“We’re stuck at the same point we were before,” said Derek Scissors, a China expert at the American Enterprise Institute and occasional administration adviser. “We’re not getting anywhere.”
Zhong, 63, rose to a cabinet-level post in Beijing in 2017 after running two state-owned companies and serving as vice governor of Zhejiang province when Xi was the top official there.
“Zhong is a hard-liner’s hard-liner,” said former White House chief strategist Stephen K. Bannon, who remains close to several Trump advisers.
Zhong, who joined the Communist Party at age 18, is the second veteran trade official to be added to the Chinese team in recent weeks. In April, Yu Jianhua, one of China’s most experienced trade negotiators and its ambassador to the United Nations Office in Geneva, returned to Beijing to bolster Liu’s delegation.
Some China specialists said the Trump administration is overreacting to a minor personnel move.
James Green, a senior trade official until earlier this year at the U.S. Embassy in Beijing, said Liu is in no danger of being upstaged by the commerce minister. Liu and Xi were childhood friends.
“Some folks in the White House, who may not have had the same deep level of experience in dealing with a wide range of Chinese interlocutors, may read too much into who’s on a call,” said Green, a senior adviser at McLarty Associates. “All Chinese negotiators are on an incredibly short leash.”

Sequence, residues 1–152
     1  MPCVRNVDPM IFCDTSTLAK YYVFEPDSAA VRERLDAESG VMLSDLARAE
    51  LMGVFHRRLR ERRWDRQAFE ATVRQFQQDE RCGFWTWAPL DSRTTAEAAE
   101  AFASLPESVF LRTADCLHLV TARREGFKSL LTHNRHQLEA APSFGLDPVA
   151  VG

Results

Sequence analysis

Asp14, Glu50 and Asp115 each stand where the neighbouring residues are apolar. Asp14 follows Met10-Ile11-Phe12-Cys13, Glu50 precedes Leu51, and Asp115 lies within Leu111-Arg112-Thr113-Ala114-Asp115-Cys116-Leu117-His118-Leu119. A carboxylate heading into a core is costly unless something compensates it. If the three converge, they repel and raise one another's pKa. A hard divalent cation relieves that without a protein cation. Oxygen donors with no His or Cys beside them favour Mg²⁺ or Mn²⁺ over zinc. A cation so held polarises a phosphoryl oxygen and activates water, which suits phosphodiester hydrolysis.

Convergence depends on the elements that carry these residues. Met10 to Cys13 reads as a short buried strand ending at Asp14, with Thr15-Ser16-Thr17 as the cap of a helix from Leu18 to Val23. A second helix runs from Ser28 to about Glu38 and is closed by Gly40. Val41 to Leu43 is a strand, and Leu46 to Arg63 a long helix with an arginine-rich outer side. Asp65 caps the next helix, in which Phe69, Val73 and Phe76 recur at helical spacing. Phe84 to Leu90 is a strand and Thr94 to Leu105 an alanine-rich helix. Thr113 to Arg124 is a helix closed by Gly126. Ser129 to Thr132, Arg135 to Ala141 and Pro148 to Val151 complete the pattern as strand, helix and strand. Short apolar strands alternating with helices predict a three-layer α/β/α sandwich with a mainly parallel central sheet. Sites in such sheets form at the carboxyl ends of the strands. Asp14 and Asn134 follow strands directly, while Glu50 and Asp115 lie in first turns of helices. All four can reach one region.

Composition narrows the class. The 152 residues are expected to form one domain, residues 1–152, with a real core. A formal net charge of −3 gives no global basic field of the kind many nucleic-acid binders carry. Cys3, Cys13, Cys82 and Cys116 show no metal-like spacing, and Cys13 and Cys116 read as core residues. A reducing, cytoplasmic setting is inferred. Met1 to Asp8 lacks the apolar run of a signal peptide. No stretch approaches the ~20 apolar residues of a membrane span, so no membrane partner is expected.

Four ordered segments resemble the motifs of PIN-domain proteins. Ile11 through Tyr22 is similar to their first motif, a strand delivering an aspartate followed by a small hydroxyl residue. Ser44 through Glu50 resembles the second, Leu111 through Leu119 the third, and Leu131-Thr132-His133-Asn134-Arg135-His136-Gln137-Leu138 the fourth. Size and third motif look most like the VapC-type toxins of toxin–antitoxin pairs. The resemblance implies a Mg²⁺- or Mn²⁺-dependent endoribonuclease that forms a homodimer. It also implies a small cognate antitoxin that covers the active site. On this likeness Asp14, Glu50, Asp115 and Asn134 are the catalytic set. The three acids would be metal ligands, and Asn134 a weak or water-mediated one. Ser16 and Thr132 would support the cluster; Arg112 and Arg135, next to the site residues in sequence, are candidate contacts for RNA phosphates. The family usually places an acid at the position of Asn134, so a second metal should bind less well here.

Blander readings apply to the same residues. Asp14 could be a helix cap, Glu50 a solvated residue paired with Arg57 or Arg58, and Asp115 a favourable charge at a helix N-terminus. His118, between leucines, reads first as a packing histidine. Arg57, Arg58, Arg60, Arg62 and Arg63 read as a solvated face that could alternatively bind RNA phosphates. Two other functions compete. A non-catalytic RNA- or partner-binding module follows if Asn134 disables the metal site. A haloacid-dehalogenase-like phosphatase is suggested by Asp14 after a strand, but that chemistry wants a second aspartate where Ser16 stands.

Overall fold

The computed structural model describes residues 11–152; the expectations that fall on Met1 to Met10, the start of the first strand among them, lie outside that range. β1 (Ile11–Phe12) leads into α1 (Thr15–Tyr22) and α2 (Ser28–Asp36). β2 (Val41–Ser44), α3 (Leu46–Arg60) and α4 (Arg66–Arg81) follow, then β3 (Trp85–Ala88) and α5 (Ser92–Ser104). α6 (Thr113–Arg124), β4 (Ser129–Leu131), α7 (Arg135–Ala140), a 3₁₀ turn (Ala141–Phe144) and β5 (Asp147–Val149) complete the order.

Clete Willems of the law firm Akin Gump, who worked on trade talks in the White House until April, said Zhong’s inclusion on the Chinese delegation could reflect internal Chinese bureaucratic politics.
Just as the U.S. team includes Lighthizer, who is intent on striking an ironclad accord, and Mnuchin, who is more sensitive to the effects of trade tensions on financial markets, Beijing has its own hawks and doves.
“If Xi wants a deal, he needs to have both sides bought in,” said Willems.
Though China’s Commerce Ministry is generally regarded as supportive of trade links, Zhong is likely to fight fiercely to protect the country’s commercial interests, according to Scott Kennedy, a senior adviser on China at the Center for Strategic and International Studies.
Chinese officials may be delaying any trade concessions until they see how Trump’s G-20 change on Huawei’s purchases from U.S. companies is implemented and how the administration reacts to continuing protests in Hong Kong, according to one Trump supporter who has been briefed by administration officials and spoke on the condition of anonymity because the person was not authorized to speak publicly.
The president in May signed an executive order that bars Huawei from supplying equipment for next-generation 5G communications networks in the United States, while the Commerce Department prohibited American companies from selling parts to the Chinese company without a government license, effectively blacklisting one of China’s most prominent global corporations.
China may be prepared to wait Trump out because its economy, which slowed sharply last year, has stabilized thanks to government stimulus measures. The president’s on-again, off-again tariff threats also have eroded the Chinese government’s faith in his ability to stick with any deal.
“The reality is that this likely means no deal for the foreseeable future,” said Kennedy. “China is no longer interested in reaching a big deal with Trump.”